Mindset about Intelligence and Meaningful and Mindful Effort: It's Not My Hardest Class Any More!Learning Communities Research and Practice
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AbstractCollege students’ implicit theories (or mindsets) about intelligence can affect not only their motivations toward learning, but also their cognitive habits and behaviors while learning thus impacting academic achievement. In this paper we describe learning experiences we used with our learning community to 1) introduce students to the concept of implicit theories (mindsets) about intelligence, 2) encourage them to move toward growth mindsets rather than fixed mindsets about their abilities to learn, 3) challenge them to identify learning as more than memorization and recall, and 4) hold them accountable for doing the work of the mind (meaningful and mindful effort) required for learning. Questionnaires given at the beginning and again at the end of the semester revealed increases in students’ self-reported knowledge of mindset about intelligence and the effect it has on their abilities to learn, about the impact meaningful and mindful effort has on learning, and about the meaning of effort. More important, students also reported positive changes in behaviors as they took more responsibility for their own growth and development by practicing the work of the mind. Leaders of learning communities can use this set of learning experiences to help their students achieve even more academic success.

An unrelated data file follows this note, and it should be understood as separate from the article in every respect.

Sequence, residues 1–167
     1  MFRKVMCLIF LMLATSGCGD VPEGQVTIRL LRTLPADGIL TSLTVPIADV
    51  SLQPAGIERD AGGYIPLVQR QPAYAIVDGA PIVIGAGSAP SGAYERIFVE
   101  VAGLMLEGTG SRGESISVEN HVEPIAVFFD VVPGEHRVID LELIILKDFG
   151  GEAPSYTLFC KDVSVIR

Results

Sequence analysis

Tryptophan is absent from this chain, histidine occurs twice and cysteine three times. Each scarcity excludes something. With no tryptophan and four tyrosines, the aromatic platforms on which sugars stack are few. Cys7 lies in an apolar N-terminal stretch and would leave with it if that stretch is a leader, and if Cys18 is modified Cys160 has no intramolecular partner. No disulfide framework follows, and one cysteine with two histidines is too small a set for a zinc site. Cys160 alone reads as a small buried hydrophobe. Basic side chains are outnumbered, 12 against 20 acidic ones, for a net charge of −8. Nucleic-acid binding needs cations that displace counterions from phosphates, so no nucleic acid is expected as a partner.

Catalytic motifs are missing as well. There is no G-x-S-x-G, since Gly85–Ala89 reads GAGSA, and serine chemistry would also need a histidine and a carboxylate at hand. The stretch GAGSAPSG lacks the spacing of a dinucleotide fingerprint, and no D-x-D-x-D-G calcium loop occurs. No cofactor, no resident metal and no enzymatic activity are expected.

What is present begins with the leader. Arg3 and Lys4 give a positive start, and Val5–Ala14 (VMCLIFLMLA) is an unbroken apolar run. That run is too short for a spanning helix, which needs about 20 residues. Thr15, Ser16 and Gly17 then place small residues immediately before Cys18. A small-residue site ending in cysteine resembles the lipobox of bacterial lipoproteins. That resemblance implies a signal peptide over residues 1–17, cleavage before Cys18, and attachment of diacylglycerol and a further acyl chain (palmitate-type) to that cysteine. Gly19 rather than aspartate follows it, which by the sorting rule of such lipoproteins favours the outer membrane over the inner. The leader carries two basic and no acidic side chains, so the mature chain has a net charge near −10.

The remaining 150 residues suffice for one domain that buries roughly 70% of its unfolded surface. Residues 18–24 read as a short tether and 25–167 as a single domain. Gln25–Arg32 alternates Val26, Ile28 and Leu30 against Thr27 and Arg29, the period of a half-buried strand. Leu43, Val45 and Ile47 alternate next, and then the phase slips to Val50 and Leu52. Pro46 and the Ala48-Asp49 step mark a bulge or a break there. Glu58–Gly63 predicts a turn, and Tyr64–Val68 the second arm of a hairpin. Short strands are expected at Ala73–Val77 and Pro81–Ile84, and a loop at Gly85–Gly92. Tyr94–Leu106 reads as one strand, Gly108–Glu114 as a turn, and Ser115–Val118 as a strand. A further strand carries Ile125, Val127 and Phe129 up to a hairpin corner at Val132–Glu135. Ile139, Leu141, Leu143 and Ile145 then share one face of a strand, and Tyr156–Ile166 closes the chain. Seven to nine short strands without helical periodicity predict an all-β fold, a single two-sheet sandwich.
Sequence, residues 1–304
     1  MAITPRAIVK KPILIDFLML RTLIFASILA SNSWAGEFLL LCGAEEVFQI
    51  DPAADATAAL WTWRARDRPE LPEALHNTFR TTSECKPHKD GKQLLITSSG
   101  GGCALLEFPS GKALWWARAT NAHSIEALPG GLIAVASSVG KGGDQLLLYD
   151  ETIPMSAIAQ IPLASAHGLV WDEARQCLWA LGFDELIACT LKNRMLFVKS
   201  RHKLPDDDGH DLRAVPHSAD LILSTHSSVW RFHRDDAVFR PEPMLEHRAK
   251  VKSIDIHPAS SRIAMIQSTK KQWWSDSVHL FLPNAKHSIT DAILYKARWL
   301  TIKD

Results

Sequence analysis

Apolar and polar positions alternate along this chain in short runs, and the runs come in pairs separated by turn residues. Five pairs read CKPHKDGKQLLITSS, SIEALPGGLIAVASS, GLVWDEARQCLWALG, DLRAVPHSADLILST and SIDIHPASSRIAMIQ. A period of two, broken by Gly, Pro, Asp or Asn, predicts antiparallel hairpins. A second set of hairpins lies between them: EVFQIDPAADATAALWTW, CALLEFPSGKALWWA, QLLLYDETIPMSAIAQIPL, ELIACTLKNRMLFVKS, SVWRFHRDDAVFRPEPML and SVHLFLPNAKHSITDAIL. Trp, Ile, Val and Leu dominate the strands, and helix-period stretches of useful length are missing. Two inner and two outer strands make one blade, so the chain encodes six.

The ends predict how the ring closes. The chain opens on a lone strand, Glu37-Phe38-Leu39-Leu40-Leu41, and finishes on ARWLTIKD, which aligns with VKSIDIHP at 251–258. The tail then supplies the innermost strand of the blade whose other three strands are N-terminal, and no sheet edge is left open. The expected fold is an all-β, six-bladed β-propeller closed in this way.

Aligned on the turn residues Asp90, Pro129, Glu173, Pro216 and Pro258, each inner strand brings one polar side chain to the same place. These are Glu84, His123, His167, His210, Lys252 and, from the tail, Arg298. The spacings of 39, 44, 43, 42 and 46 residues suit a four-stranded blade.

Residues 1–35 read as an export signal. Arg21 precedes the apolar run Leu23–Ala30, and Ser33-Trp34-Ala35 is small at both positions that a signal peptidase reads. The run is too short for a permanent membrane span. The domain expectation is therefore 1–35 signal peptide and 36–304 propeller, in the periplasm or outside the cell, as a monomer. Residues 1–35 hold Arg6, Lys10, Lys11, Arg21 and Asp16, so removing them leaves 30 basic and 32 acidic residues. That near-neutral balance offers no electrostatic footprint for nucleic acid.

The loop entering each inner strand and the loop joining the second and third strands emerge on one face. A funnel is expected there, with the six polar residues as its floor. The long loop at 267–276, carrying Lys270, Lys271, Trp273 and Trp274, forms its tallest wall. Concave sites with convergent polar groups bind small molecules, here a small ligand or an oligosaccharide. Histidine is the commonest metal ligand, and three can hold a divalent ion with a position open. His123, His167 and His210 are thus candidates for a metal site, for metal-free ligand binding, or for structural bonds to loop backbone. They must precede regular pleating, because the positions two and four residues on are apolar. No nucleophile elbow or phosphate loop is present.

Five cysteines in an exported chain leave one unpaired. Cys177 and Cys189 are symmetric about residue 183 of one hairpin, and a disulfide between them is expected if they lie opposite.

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Citation InformationJanice A. Wiersema, Barbara Licklider, Janette R. Thompson, Suzanne Hendrich, et al.. "Mindset about Intelligence and Meaningful and Mindful Effort: It's Not My Hardest Class Any More!" Learning Communities Research and Practice Vol. 3 Iss. 2 (2015) p. 3
Available at: http://works.bepress.com/suzanne_hendrich/30/